The Seven Sleepers


The Seven Sleepers

In the vicinity of Amman, a cave is now an important destination for the Muslim pilgrims. This place refer to the story of the Seven Sleepers. The Late Christian tradition spotted the story of this miracle in Ephesus, in Turkey. However, it seems that Ephesus was not the original site of those events, if we follow an earlier Christian pilgrimage tradition, maintained alive by the Islamic accounts...

Based on the testimony of the Prophet Mohammed himself as well as on archaeological excavations, Muslim scholars situate the cave in the south-eastern outskirts of Amman, in the village of Abu-Alanda. During his youth, the Prophet Mohammed often went on a journey from Saudi Arabia to Syria in the accompany of his uncle. He used to stop in the village of El Raqim, where, according to what he said, the Cave of the Sleepers was located.

The Seven Sleeper story is the following: a group of young Christian people took refuge in a cave to escape a persecution, maybe during Decius' reign of Decius (middle of 3rd century). The number of  the people varies depending on the sources between three, four or even six. One version states that six people met a shepherd and his dog, which raises the number to seven or eight if we include the animal. They all stayed immured in the cave and fell asleep. According to the Muslim tradition, they survived in a miraculous hypnotic state for 309 years, by the grace of God. When they awoke, one of them went down to the market and realized that the coin he had in his pocket was not valid and belonged to an ancient time. He was then brought in front of the governor, who asked him to show him the cave. Once the miracle acknowledged, the group of young people returned in the cave and found there an eternal rest.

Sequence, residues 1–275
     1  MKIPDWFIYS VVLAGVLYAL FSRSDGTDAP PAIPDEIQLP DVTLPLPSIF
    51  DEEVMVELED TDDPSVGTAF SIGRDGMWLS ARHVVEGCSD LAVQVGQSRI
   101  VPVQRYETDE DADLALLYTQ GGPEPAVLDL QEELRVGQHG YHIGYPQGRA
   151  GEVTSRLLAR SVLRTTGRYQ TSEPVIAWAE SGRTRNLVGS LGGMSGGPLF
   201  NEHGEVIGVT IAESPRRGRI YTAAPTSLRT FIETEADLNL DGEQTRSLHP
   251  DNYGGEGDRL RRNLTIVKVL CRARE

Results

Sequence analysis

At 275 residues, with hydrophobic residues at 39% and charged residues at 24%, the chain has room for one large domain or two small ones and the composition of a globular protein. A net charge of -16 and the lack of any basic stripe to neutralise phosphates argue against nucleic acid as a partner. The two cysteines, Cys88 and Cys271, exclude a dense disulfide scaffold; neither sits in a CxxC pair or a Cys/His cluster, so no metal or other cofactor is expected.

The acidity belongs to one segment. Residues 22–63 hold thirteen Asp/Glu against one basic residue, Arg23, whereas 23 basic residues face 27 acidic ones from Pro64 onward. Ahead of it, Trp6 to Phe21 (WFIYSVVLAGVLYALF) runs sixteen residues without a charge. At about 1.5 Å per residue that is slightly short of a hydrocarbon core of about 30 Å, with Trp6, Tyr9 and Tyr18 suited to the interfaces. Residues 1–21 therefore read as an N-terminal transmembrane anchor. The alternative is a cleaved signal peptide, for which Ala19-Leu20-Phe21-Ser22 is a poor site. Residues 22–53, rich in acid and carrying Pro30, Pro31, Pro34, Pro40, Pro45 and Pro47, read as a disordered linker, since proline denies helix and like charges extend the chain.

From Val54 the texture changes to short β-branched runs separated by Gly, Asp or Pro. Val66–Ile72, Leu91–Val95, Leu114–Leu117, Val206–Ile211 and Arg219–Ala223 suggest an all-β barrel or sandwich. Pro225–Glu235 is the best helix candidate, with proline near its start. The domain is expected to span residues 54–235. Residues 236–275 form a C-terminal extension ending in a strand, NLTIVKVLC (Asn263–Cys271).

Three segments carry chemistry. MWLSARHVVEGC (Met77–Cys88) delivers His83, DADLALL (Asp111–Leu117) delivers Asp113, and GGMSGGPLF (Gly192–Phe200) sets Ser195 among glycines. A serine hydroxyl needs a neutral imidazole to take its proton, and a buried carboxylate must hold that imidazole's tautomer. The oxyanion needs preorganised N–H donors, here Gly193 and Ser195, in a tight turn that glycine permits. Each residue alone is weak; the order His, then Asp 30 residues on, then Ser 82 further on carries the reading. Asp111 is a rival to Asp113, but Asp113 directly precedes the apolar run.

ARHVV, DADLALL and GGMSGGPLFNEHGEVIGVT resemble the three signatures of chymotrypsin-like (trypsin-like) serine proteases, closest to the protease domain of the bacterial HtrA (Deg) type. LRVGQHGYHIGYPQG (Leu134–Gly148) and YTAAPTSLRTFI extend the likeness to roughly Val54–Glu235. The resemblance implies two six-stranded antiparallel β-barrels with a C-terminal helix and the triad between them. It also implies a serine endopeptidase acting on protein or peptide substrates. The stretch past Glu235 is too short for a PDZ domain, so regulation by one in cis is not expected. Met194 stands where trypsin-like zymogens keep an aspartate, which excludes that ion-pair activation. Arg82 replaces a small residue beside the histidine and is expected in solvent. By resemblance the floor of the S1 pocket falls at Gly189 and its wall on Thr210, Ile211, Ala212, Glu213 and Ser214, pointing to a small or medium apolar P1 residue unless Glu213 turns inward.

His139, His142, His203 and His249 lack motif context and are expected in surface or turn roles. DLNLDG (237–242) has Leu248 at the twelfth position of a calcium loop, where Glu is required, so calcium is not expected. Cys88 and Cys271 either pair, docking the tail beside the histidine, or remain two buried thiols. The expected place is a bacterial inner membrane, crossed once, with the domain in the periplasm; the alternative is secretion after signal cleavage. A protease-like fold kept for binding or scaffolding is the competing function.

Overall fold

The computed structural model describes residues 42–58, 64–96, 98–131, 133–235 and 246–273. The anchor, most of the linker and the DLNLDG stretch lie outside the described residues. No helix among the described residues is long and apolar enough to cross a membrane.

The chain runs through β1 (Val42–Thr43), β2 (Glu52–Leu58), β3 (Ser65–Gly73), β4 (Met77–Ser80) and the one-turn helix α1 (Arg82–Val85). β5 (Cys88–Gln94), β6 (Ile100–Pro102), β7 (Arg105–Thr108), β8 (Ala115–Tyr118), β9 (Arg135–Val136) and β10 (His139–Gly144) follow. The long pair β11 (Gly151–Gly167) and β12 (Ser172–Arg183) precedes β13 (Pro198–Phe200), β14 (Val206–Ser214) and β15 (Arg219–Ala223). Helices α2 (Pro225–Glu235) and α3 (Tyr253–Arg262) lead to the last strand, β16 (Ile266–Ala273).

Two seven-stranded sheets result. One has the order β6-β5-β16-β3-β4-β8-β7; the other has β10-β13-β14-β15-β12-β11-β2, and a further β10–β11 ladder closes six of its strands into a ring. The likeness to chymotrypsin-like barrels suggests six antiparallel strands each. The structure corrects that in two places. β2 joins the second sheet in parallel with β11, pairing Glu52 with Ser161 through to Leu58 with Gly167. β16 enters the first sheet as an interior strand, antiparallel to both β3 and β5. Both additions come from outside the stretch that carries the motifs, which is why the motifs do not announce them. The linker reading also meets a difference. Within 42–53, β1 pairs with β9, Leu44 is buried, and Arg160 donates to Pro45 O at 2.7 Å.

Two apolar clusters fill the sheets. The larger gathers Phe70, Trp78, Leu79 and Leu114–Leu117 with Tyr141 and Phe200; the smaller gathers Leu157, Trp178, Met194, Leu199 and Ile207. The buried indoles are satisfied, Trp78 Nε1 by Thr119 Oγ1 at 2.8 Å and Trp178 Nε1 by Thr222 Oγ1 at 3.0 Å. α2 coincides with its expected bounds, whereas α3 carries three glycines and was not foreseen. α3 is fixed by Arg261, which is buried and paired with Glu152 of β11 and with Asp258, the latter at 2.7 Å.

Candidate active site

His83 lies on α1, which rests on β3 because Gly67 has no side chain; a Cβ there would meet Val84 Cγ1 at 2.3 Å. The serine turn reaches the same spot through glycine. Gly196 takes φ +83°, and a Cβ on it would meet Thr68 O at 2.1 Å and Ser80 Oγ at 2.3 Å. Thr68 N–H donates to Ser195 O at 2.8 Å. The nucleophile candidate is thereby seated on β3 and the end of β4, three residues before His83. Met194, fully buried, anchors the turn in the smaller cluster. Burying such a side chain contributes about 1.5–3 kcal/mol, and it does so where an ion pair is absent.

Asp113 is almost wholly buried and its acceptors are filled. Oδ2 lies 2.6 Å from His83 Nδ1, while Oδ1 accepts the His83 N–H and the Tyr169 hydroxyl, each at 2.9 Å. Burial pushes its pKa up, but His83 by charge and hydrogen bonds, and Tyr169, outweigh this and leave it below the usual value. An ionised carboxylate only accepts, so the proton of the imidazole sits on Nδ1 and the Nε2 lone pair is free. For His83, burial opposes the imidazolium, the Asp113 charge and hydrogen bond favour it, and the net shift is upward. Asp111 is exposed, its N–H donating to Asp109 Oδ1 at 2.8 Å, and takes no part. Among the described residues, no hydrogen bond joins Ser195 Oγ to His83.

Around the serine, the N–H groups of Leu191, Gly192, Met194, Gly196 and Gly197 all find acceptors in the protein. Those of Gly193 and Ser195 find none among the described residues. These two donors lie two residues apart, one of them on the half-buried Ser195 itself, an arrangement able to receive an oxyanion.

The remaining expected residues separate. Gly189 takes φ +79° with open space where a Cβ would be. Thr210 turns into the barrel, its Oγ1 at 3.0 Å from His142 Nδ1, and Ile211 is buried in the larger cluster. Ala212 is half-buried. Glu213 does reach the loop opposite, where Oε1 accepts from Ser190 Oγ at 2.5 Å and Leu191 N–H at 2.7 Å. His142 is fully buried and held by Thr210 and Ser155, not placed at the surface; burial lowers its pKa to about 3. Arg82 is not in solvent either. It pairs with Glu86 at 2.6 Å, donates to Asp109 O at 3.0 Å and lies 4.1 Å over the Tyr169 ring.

The cave that we can visit today is a tomb of Roman-Byzantine type with alcoves. It is integrated into a Byzantine cemetery, which could be the cemetery of El Raqim, the town where the Prophet Mohammed used to stop by. The facade is decorated with columns and niches of a Hellenistic-oriental style. Inside the cave, the two lateral alcoves contain empty tombs. However, one of them contains human bones that can be seen through a window. They are told to have been collected on a platform situated at the bottom of the cave and are presented as those of the sleepers. In 1963, archaeological excavations unearthed a tomb at the entrance of the cave, containing a dog's skull. This detail attempts to confirm the tradition that specifies that the dog, supposed to protect the sleepers, was buried next to the entrance. A small church was built above the cave, with a well connected to the tomb. The church has been converted into a mosque, and a second mosque has been built in front of the cave's entrance.

front view of the tomb, with the upper structure including a mihrab

remains of the structure built over the tomb, a church converted into a mosque
Alcove of the tomb




Alcove of the tomb



Today, Ahl El Kahf is a place of pilgrimage for Muslims. In 2006, King Abdullah inaugurated a new mosque near the site.